Others in management viewed the September email as one that raised safety issues. Though Human Resources Supervisor Tina Hilk testified that she felt the last line that plead for help was “unprofessional,” she also stated that due to her lack of knowledge of mine safety, the only reason she knew Cassidy’s email concerned safety was precisely because of the last line. Tr. 286, 303-304. In the meeting following the email, Hilk acknowledged the safety issues raised in the email and called the situation “alarming.” Tr. 59. Assistant Superintendent Watson also viewed Cassidy’s email as encompassing safety and said as much when he told Cassidy that he viewed her email as implying that the mine was unsafe. Tr. 69.


Consol repeatedly told Cassidy that it had an “open door policy,” but this appeared to be little more than an empty slogan. Tr. 69, 94, 230, 287. Cassidy tried multiple ways of relaying the problems associated with the ride shortages. She had sent an email seven months earlier making the same safety complaint, but upper management did nothing except provide Cassidy assurances that they were looking into the matter. Tr. 50, 195. After the problem persisted and Cassidy continued to receive safety complaints from the fire bosses, she went to Koffler’s office to discuss the issue on August 28, 2019. Tr. 35. Koffler was not in his office, so Cassidy returned the following day. Tr. 35. He was not there again, so she left a note stating that she wanted to talk to him about the ride situation and asked that he email her. Tr. 35-36. After a week of not receiving a response, Cassidy tried stopping by his office again, but to no avail. Tr. 36. So, Cassidy went to the only spot at the mine where she could get cell phone reception and called Koffler and left him a voicemail indicating that she needed to talk to him about the ride situation. Tr. 36. After a week without response, Cassidy sent the email at issue to Koffler. Tr. 36-37. Then, after waiting three days without any response, she forwarded the email to Superintendent Koontz and Assistant Superintendent Watson. Tr. 37, 53.


Respondent argues that the “availability of rides is a matter of convenience and was not a safety or legal issue.” Resp. Brief at 4. In support of this position, Respondent significantly misstates the record.[24] Respondent cites to page 42 of the transcript in stating that it was simply a matter of convenience, but this page states nothing of the sort. In fact, Cassidy’s testimony captured on page 42 concerned the necessity for emergency rides, stating, “I asked them what about the guy that gets hurt, how do you get them out of there. That is always a concern of mine because I’ve been in a lot of emergency situations.” Tr. 42. This testimony is a paradigmatic safety concern.[25] Similarly, Respondent misstates the meaning of Cassidy’s testimony on page 69, by saying she “admitted that she was not communicating that the mine was ‘unsafe;’ rather, she used her email to get their attention.” Resp. Brief at 5. Cassidy’s testimony captured on page 69, as well as the pages that preceded it and the email itself, explicitly stated that she viewed the ride shortage as a safety concern. Tr. 34-35, 40-41, 44-48, 53-54, 189, 195; Ex. R-1. On page 69, Cassidy was simply stating that she denied Watson’s statement that the email implied that the mine was unsafe. There is a vast difference between stating that the email did not imply that the mine was unsafe and concluding that there were no safety concerns raised. Furthermore, Cassidy did not testify that “she used her email to get their attention,” Resp. Brief at 5, but rather to get their attention about “what is going on.” Tr. 69. Respondent selectively quotes Cassidy to portray her as an attention-seeker, when in fact she was trying to bring attention to a safety problem, which is in the nature of a safety complaint.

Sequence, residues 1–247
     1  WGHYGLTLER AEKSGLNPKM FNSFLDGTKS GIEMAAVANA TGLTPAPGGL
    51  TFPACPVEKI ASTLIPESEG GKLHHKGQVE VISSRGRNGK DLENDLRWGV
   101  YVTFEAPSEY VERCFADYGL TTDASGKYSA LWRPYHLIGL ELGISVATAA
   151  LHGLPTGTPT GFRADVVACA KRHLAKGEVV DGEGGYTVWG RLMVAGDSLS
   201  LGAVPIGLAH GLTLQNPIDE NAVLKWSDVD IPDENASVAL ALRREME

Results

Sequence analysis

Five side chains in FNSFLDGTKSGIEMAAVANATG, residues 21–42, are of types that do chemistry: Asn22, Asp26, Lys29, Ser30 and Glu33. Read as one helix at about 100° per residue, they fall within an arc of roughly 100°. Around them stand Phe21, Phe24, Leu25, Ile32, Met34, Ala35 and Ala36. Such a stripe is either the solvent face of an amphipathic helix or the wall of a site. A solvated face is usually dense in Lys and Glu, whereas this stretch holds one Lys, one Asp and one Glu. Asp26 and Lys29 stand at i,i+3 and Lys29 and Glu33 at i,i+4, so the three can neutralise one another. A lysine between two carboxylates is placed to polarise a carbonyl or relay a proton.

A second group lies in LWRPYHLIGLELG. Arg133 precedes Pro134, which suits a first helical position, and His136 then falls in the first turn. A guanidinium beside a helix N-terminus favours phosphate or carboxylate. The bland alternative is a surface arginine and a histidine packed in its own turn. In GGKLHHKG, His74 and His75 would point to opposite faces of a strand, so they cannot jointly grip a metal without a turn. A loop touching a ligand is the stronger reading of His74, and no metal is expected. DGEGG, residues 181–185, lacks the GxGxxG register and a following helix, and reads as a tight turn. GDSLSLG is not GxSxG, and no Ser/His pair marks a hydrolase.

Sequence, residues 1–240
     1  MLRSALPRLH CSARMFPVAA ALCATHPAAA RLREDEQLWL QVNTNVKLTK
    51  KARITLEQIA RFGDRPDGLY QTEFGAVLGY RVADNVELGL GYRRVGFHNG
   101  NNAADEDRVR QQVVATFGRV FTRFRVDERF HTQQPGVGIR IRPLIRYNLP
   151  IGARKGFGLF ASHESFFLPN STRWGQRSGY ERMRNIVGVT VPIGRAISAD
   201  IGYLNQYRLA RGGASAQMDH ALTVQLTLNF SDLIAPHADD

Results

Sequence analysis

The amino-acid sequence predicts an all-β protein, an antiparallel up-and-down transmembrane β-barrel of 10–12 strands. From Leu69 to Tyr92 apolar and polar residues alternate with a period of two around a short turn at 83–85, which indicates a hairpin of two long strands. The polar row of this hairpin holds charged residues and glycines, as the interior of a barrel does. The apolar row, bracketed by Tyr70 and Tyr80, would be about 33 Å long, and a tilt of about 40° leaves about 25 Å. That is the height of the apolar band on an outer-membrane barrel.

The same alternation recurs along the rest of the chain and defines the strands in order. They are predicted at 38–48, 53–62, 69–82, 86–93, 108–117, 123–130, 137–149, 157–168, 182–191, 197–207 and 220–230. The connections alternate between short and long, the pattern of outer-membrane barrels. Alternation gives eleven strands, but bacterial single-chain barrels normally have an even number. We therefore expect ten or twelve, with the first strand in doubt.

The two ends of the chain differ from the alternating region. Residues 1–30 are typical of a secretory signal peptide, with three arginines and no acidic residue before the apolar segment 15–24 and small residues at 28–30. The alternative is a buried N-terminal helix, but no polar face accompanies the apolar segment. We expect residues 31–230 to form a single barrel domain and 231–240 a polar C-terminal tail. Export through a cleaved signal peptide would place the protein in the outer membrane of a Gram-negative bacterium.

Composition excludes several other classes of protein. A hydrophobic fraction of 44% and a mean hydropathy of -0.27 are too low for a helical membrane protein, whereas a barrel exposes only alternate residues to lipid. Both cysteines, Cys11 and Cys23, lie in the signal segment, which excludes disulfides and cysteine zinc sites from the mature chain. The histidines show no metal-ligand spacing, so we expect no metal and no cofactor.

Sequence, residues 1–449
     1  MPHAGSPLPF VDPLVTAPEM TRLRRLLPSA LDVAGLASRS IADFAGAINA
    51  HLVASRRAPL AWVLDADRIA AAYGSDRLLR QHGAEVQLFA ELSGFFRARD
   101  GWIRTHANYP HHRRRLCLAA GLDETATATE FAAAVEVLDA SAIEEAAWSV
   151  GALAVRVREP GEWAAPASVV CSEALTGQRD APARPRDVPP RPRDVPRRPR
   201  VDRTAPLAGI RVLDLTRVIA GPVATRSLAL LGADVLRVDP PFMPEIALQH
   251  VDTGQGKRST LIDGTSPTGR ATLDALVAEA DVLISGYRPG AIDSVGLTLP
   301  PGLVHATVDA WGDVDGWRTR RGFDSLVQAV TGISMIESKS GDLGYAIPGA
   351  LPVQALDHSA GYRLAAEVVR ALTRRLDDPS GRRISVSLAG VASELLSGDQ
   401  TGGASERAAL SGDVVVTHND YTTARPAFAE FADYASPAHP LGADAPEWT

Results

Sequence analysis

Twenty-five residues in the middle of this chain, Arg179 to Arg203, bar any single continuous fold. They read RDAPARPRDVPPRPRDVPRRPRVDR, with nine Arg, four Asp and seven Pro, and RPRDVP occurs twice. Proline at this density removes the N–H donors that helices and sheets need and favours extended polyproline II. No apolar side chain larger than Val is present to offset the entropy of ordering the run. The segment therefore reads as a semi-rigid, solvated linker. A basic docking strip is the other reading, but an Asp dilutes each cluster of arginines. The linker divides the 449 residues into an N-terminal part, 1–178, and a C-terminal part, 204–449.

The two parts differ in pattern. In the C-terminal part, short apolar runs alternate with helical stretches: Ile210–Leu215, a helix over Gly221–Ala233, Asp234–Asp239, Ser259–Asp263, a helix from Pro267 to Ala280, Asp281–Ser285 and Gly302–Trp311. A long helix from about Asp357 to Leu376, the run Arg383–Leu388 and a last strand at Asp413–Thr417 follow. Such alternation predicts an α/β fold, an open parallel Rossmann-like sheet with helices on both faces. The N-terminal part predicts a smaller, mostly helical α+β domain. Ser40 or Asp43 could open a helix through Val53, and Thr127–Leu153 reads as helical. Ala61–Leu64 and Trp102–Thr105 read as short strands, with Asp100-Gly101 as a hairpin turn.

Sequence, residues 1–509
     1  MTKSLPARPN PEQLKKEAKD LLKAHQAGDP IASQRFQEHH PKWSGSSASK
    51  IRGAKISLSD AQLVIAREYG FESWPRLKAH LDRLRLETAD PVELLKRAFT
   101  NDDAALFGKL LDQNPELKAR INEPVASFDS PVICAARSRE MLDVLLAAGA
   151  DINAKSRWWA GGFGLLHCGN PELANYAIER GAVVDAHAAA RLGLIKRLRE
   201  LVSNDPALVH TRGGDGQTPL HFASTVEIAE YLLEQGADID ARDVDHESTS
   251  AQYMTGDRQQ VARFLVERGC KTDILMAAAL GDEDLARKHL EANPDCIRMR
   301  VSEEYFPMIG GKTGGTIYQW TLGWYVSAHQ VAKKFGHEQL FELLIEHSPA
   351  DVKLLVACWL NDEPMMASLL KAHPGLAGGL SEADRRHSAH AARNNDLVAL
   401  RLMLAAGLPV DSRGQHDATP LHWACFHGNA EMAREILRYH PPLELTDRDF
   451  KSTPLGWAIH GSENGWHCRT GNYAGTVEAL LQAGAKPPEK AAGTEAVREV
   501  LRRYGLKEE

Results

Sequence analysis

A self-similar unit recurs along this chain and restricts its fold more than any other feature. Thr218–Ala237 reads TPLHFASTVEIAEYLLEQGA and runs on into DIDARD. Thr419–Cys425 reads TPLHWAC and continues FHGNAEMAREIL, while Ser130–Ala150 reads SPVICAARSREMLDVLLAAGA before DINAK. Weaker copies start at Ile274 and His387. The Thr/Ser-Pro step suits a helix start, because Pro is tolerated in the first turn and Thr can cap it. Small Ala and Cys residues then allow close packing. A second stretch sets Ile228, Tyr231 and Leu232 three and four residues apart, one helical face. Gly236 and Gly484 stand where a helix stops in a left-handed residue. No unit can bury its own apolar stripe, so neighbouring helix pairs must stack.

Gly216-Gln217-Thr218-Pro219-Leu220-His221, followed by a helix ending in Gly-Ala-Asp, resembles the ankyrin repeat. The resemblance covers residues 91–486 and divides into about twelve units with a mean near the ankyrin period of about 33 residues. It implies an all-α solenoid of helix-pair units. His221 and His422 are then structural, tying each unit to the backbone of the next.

Respondent also attempts to argue that Cassidy’s email was not professional because the final line pleading for help was in all capital letters, which Respondent characterizes as her “yell[ing] at the recipients,” Resp. Brief at 5, or that she “frantically shouted.” Resp. Reply Brief at 2. However, capital letters do not constitute a “yell” and this Court is not going to hold that a miner’s plea for help in addressing a serious safety problem is nullified because they used too many capital letters.